Turntable Review: Roberts RT100

By in Features, Turntables & Tech





Roberts RT100

Price: £250

Pros: Musicality, ease of use, appearance, quick set-up, feature count

Cons: Tonearm bearings, lightweight bass, treble roll-off, midrange stridency

Verdict: A good looking, easy to use deck that suffers from sonic issues, but remains a fun turntable to use and listen to. Ideal for beginners.

Rating: 3/5

Most people interested in hi-fi technology will know Roberts as producers of quality radios. We won’t be going in that direction with this review, because the company is celebrating its 85th birthday with the release of a new turntable.

The turntable itself has not been produced by Roberts, though. It’s a Chinese OEM model. This is somewhat understandable. To produce a unique turntable would cost Roberts an absolute fortune in terms of new CNC machines, jigs, software, templates and other machinery. Nevertheless, go into this one with your eyes open.

Those who do will notice the straight arm which has populated DJ decks from the likes of Denon and Numark, while the turntable itself looks very similar to the Lenco L-90, thus nailing its Chinese origins.

In terms of features, the RT100 includes a built-in phono amp, which is useful if you want to plug into powered speakers or an amp. A free phono amp also helps you in budget terms. There’s a USB port to allow you to ‘rip’ vinyl to your computer via the included Audacity software. It also includes a switchable semi-automatic feature that lifts the tonearm off the record at the end of play and returns it to the cradle.

Other features include an aluminium platter with thick rubber mat, a very presentable plinth covered in wood veneer, a rear-mounted power switch, dual speed selector on the top of the plinth and a removable headshell at the end of the tonearm sporting an Audio-Technica AT-3600L. Its stylus is a conical design so do yourself a favour and upgrade to a cartridge with an elliptical stylus as soon as possible to enhance sound quality.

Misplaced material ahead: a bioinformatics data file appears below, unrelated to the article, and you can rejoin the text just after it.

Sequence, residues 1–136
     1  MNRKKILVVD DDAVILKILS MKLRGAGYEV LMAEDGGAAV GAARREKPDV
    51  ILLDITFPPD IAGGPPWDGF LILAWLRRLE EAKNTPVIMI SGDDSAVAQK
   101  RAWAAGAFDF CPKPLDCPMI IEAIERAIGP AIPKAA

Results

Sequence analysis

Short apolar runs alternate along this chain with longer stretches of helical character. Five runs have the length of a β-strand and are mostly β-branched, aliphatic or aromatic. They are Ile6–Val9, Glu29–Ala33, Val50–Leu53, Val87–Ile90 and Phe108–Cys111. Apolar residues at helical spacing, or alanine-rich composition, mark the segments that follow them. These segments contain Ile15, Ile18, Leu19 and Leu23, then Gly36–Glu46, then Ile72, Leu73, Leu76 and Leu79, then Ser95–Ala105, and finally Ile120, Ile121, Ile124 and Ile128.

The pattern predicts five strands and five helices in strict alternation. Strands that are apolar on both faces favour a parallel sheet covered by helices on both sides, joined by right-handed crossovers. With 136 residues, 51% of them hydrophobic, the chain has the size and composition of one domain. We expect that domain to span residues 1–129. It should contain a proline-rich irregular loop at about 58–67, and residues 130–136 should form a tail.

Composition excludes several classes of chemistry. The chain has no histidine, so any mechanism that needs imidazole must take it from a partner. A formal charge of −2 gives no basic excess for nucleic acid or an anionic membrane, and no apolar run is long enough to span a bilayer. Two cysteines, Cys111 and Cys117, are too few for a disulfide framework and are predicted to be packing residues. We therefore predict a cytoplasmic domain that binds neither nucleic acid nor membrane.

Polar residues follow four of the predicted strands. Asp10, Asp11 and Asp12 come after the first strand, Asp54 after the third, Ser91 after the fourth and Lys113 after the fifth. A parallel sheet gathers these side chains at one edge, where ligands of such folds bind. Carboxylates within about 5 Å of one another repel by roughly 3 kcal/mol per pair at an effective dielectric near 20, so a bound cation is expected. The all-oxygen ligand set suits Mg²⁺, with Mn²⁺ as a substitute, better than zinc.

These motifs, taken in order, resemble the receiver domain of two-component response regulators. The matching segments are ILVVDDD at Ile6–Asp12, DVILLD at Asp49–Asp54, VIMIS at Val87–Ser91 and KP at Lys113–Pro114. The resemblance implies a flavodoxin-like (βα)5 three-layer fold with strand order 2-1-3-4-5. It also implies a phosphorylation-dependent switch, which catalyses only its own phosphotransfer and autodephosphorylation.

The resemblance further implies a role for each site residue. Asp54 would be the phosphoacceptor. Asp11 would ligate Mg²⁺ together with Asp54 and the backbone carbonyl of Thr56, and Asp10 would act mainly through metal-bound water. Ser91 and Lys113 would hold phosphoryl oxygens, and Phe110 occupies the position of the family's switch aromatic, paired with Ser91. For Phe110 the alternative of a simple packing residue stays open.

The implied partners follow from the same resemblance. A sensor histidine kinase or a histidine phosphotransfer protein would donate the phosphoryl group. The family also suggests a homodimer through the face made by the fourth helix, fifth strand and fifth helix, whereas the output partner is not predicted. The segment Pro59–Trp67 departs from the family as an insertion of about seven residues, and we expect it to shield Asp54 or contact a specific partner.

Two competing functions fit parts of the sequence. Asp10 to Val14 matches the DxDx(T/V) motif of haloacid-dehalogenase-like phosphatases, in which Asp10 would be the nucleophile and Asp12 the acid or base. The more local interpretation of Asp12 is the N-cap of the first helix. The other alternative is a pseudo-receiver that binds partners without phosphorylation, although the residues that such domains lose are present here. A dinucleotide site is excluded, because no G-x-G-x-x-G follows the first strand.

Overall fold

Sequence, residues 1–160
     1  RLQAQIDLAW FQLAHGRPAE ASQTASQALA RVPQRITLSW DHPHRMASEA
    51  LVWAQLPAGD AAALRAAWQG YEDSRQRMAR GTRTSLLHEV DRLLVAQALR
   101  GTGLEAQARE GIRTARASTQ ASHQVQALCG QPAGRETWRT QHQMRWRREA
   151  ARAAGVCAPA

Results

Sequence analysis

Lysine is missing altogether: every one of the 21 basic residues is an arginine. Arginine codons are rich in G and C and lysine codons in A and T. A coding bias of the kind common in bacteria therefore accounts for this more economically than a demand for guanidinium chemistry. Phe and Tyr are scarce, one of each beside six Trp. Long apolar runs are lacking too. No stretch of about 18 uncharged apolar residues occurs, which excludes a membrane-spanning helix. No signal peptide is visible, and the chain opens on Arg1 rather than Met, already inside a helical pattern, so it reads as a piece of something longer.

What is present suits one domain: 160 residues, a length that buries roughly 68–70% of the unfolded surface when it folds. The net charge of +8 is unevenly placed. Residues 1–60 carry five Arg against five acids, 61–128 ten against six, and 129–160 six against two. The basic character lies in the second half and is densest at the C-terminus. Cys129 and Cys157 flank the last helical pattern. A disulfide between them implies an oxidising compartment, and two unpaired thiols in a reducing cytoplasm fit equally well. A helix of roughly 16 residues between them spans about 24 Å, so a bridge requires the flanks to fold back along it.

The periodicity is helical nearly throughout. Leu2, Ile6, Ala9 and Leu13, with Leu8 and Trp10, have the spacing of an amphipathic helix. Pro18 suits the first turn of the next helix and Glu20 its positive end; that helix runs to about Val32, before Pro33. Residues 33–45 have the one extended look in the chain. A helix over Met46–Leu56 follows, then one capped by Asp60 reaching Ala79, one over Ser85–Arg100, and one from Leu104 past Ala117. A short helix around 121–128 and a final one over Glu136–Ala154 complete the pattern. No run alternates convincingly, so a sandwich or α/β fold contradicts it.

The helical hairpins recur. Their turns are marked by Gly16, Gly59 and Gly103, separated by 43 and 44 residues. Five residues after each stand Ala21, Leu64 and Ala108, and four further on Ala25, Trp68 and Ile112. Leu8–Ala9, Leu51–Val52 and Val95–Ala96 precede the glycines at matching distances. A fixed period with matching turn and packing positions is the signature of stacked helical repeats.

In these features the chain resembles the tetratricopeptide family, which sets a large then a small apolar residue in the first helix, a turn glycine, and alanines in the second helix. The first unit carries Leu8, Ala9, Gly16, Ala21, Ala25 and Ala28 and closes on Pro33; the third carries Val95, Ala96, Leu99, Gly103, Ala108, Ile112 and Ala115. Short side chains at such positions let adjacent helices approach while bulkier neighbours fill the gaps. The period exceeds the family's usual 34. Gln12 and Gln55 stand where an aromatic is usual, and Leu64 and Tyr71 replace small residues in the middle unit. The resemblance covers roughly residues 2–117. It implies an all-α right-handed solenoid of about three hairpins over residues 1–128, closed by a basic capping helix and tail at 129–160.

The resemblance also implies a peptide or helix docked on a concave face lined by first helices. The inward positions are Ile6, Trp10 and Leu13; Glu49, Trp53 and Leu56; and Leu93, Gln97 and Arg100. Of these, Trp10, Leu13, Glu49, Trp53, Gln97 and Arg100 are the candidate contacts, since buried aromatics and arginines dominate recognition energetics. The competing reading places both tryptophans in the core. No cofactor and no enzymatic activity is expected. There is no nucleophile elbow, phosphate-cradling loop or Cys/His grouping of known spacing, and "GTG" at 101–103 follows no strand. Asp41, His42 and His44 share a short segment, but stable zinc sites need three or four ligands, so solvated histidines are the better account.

In sound quality terms, the internally fitted phono amplifier is reasonable and works fine but does restrict sound quality somewhat over all frequencies, specifically in terms of detail and clarity. Upgrade to an external model when you can.

Plugged into an external phono amplifier, jazz music offers a broad and quite spacious sound stage with admirable detail on offer, although the midrange is rather strident, treble rolls off as dynamic reach is limited, while bass is rather slender and lacking heft.

The RT100 much prefers rock music to jazz. Freed of the requirement to offer precision and accuracy, the RT100 is one fun turntable, offering a rollicking good time in terms of punchy bass and a sense of emotion during full on vocals, with vigour and energy throughout.

Yes, there are build and sonic issues, especially when precision and focus is required, but the RT100 is brimming with musicality. In fact, it’s a real party animal and an ideal turntable for the raw beginner.